Although the development is at the Caltrain station, the development plans for over 7,000 parking spaces, including more than parking space per bedroom.  This reduces the incentive for residents to be car-light – less than one car per household.  And also increases the cost of housing, at a time that the region faces a housing affordability crisis.

Parking in Santa Clara Lawrence Development

Parking in Santa Clara Lawrence Development

It is not clear how much if any below market rate housing there will be.  Affordable housing was a city general plan goal for the area… “Highly encourage the development of affordable housing and senior housing that is well designed and compatible with adjacent uses in the Lawrence Station Focus Area.”

Lawrence Santa Clara

Lawrence Santa Clara

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A car-light, complete neighborhood in North Bayshore

Last weekend, Mountain View hosted a workshop on how to turn the North Bayshore area – the office park that hosts Google, LinkedIn, and other companies, into a neighborhood with homes and services. First, a set of experts provided perspective on what’s needed to create a neighborhood, and gave participants food for thought on what might be done in North Bayshore.  Then, participants had a series of exercises to share ideas and preferences.   The slides from the professional presentations and the notes and pictures from the workshop  exercises will be posted to the city’s website but aren’t there yet, check back here in about a week.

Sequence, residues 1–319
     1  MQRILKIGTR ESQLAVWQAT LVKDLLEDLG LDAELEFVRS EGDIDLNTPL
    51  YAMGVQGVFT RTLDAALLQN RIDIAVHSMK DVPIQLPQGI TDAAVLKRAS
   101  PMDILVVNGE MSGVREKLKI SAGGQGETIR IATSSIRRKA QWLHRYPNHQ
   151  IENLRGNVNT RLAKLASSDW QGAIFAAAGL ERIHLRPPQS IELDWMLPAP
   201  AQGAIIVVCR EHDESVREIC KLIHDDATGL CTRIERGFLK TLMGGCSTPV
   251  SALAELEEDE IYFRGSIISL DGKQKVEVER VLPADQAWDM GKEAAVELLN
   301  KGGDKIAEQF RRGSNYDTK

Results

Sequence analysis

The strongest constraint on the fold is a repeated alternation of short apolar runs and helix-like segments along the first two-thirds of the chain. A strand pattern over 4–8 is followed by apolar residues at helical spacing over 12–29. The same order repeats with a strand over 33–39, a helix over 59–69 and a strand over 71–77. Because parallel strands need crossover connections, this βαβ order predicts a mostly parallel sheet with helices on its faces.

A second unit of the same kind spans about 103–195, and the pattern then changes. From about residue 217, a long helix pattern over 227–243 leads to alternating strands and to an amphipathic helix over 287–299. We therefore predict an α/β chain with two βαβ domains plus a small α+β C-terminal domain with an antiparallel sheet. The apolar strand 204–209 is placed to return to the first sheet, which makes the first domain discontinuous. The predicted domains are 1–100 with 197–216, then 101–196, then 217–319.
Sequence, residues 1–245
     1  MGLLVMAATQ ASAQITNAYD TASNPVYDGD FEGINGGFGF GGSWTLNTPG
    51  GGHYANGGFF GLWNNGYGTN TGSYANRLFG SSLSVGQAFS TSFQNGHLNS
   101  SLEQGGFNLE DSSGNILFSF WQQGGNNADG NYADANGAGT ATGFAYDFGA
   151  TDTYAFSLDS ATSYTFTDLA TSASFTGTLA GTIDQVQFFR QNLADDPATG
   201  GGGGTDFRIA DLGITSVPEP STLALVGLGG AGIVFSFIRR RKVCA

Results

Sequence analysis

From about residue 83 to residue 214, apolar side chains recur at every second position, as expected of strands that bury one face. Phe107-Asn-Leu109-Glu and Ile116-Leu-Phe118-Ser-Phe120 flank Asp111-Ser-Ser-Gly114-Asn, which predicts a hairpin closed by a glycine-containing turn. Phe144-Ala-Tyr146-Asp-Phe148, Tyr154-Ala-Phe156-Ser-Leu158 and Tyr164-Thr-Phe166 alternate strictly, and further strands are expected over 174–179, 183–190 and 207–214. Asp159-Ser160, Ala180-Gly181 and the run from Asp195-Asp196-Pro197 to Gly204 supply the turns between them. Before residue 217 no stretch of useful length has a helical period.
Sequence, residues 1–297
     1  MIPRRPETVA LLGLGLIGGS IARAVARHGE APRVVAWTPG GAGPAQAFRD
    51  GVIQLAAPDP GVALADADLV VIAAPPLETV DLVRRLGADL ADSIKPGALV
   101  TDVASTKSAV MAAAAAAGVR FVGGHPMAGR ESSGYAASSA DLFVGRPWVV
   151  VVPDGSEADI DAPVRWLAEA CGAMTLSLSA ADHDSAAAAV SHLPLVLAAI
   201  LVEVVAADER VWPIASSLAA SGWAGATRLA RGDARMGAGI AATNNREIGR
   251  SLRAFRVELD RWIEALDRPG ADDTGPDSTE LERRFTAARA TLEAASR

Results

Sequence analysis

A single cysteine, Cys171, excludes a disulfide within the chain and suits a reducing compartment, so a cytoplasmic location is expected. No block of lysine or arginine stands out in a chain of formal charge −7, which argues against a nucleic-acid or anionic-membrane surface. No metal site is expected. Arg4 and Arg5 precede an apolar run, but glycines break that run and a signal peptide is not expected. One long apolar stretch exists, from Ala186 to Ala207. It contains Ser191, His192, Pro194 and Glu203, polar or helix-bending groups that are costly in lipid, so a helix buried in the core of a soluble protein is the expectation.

After the workshop, discussion continued on the mailing list of the Coalition for Balanced Mountain View, a group that discusses housing-related issues in the city.  To join the online conversation, you can sign up here.

How many people are needed to support a grocery store?